October 17, 2019
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UMaine disappointed with Kent State’s handling of Title IX probe related to stoppage of field hockey game

Courtesy of UMaine Athletics via AP
Courtesy of UMaine Athletics via AP
University of Maine field hockey head coach Josette Babineau, left, and senior team captain Riley Field are shown during a press conference on Monday, Sept. 9, 2019, in Orono, Maine. After the shock wore off of halting a women's field hockey game in the middle of overtime just so they could shoot off fireworks for a football game that hadn't even started, the captain of the Maine team said it's par for the course when you're a female athlete. Indeed, for all the advances created by Title IX, there's still an awful lot of hearts and minds that still need changing.

The Office of Compliance, Equal Opportunity and Affirmative Action at Kent State University in Ohio on Friday announced that its investigation of a situation involving the University of Maine field hockey team did not reveal a Title IX violation or demonstrate gender-related bias.

Kent State investigated the decision to halt the Sept. 7 field hockey game between UMaine and Temple University prior to its completion with the score tied 0-0. A university official stopped the game prior to the second overtime to clear the field for a pregame fireworks display scheduled 90 minutes later for the Kent State football game being held at an adjacent stadium.

Kent State has offered to reimburse the two schools if they want to reschedule the game and play this season.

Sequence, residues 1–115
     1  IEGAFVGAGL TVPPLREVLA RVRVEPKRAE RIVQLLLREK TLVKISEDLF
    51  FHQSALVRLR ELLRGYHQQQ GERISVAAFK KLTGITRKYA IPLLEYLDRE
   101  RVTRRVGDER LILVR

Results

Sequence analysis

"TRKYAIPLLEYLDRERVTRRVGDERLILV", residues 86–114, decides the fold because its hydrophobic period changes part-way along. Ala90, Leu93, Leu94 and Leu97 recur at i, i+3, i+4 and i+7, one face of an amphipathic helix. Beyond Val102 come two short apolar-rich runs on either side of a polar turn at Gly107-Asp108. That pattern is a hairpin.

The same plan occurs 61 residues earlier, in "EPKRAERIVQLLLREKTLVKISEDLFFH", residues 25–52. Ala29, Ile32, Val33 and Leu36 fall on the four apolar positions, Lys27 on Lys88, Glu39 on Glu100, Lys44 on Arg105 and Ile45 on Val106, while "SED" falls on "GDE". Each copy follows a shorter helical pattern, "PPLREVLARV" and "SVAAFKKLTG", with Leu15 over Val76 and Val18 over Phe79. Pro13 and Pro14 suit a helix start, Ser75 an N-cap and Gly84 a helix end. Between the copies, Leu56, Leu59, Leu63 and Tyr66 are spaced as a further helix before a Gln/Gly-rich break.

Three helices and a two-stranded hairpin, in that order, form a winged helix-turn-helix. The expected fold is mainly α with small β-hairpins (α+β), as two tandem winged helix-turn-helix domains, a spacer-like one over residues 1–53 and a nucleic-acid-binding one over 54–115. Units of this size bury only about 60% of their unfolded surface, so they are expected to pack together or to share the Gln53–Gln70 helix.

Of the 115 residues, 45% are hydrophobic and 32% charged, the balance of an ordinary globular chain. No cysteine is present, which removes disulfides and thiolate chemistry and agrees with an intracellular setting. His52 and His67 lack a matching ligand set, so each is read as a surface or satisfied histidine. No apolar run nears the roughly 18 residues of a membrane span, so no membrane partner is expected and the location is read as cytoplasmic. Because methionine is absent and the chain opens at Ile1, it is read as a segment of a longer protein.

“We deeply regret the negative impact of the match cancellation upon the Temple University and University of Maine field hockey teams,” Kent State President Todd Diacon said Friday afternoon. “I have reached out to both presidents with the offer to reimburse reasonable and customary costs for their teams to play a makeup match this year, if possible.”

The game at this point is apparently being treated as an exhibition, since neither school has it listed among its results.

UMaine issued a statement late Friday night expressing university officials’ dissatisfaction with the way Kent State handled its Title IX inquiry.

“[We] are disappointed that, according to the summary report, the investigation did not include interviews with the student-athletes who were affected and disrespected by the decisions made on Sept. 7,” the release read. “We appreciate, welcome and encourage the broader discussion of Title IX issues sparked by this incident and the investigation. The University of Maine stands with its student-athletes, coaches and athletics staff, firm in our commitment to equity and support to ensure their success, both in competition and in the classroom.”

Title IX is the 1972 federal legislation that says no person in the United States shall, on the basis of sex, be excluded from participation in, be denied the benefits of, or be subjected to discrimination under any education program or activity receiving Federal financial assistance.